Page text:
And then there was my wondering whether Human Design has anything to say about children and their psychology. I’ve not studied “Rave Psychology”, which would address this, but it seems to me that if we can accept that each human being has a design with a purpose, our current scientists may need to look at ‘anomaly’ children with a different perspective.

What if there is nothing ‘wrong’ with our children who have these anomalies that we just don’t understand? What if educators and psychologists could reframe their reference points for ‘normal’? Yes, it’s hard to have a child or two or three in a classroom who is ‘different’, whose needs require something not in the status quo setting. Perhaps shifting the status quo would work better. But, no, that can’t be done – there are rules, guidelines, curriculum requirements and standards that have to be followed.

Anyone who really knows me knows that I am one for eliminating the status quo if it isn’t working. Yes, change is usually a challenge, and not fun. But what if we could look at it as fun, something creative, maybe even ‘off the wall’, or ‘at the edge’? What if we looked at these children not as ‘difficult’, a ‘challenge’, defective, or ‘weird’, but as gifted in ways that are not what we expect?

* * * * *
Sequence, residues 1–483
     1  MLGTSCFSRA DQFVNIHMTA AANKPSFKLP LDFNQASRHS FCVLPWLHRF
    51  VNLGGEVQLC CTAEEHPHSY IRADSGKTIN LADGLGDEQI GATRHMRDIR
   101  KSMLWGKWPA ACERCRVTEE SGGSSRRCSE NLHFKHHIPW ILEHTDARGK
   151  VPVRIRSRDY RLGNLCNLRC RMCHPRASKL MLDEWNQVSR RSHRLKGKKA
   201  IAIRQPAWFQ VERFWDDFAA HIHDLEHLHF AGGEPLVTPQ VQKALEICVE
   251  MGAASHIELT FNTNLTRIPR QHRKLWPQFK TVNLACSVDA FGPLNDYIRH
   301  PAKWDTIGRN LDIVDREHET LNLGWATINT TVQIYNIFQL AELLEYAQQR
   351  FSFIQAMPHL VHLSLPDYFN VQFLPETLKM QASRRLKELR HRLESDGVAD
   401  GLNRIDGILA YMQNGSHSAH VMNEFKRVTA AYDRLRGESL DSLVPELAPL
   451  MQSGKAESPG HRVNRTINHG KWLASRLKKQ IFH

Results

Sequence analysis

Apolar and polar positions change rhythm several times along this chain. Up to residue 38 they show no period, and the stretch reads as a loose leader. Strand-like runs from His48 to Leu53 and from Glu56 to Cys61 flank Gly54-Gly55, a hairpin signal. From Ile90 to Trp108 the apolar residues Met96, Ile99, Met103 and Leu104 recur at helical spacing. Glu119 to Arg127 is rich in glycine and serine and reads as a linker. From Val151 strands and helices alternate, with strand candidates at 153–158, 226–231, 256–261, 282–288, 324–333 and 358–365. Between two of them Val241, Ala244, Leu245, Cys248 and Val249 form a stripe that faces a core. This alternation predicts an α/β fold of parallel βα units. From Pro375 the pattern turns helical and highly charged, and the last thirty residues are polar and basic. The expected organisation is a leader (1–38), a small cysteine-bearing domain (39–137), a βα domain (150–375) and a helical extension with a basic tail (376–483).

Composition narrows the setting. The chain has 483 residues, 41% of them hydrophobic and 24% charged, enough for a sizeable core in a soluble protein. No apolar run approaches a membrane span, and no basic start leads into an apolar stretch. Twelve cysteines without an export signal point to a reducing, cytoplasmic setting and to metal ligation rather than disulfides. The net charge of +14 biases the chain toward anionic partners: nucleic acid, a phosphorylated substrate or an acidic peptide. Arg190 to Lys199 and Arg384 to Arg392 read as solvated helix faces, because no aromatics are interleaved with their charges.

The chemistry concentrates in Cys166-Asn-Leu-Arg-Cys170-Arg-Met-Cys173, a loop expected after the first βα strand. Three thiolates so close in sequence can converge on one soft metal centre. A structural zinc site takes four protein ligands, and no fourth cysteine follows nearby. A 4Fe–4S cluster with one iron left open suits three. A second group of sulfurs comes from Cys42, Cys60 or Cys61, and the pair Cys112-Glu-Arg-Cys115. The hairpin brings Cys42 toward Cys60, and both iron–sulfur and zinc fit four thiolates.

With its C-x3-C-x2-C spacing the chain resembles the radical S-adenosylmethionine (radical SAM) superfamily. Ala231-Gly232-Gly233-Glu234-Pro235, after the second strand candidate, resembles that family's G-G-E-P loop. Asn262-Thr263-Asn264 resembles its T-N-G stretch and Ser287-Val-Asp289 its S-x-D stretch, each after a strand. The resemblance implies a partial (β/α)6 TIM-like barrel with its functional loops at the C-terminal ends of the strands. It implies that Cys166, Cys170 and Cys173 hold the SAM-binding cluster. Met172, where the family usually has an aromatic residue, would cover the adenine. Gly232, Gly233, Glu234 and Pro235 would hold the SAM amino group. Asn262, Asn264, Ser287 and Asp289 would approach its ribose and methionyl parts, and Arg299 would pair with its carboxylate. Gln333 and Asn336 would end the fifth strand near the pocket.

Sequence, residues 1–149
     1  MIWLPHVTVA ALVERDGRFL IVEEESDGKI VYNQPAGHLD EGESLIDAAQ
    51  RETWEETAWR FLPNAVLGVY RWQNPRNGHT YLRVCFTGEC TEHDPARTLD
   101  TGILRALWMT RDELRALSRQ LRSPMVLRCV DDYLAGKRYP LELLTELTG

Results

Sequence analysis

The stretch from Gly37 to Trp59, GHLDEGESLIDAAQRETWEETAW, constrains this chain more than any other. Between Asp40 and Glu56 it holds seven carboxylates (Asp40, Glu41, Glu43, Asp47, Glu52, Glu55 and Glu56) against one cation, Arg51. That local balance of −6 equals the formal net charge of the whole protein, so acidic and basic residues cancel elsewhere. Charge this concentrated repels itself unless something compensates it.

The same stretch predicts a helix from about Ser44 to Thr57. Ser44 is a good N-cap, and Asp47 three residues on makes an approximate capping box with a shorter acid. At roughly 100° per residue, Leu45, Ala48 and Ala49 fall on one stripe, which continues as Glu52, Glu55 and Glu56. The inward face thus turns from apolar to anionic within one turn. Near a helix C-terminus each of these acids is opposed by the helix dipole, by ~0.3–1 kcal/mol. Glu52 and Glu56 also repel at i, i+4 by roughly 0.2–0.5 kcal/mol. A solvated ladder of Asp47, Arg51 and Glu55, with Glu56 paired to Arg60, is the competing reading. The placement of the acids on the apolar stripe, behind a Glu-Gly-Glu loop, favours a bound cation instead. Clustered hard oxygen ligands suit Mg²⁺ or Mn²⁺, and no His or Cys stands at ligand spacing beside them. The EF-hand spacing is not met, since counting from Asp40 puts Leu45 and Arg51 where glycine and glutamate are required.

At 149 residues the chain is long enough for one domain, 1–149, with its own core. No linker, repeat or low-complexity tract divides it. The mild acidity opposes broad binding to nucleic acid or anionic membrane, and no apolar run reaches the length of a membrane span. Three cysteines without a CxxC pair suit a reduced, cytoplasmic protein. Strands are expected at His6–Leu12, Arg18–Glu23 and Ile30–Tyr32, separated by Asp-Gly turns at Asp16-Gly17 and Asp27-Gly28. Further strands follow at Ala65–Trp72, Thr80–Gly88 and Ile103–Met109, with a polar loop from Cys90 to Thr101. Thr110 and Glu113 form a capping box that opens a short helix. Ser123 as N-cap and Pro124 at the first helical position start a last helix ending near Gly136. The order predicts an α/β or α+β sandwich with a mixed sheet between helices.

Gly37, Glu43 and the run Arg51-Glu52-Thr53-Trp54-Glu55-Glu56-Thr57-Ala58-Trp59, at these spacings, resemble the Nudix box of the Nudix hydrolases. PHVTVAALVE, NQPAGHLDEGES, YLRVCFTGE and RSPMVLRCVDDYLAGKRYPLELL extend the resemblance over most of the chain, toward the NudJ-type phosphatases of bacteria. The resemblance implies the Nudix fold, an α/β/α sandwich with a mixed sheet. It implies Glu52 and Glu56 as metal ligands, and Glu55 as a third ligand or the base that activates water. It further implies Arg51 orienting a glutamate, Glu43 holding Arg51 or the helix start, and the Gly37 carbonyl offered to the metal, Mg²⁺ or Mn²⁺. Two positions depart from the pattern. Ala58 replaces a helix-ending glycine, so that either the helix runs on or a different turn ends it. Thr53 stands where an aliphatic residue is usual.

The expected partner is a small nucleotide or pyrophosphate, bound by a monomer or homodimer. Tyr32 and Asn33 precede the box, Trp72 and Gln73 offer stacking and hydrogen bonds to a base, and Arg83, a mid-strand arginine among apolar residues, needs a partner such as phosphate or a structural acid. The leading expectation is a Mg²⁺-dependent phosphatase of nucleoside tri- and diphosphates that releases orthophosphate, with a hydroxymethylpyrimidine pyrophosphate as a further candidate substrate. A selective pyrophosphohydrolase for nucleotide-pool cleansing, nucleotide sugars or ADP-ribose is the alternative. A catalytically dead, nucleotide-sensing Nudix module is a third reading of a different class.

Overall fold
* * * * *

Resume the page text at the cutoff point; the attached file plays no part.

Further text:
I’m skeptical. I’m skeptical whether the new disorders are really disorders or just a part of our human evolution with its idosychrases that we just don’t recognize or understand. I’m concerned that children who receive a diagnosis still get ‘labeled’ and become stigmatized as another form of abuse. I’m concerned that the psychiatric community supports, through its behavior, the status quo of mental health treatment and education.

We still have much to learn about child development, the brain and neurology, and psychological and cultural influences on conditioning behavior. Before a diagnosis is made perhaps it would be important to ask other questions that haven’t been asked so far. I have always believed that a person’s behavior comes from somewhere, for some reason. Finding the reason, the real reason, would be helpful, before a diagnosis and medication are offered to subdue ‘symptoms’.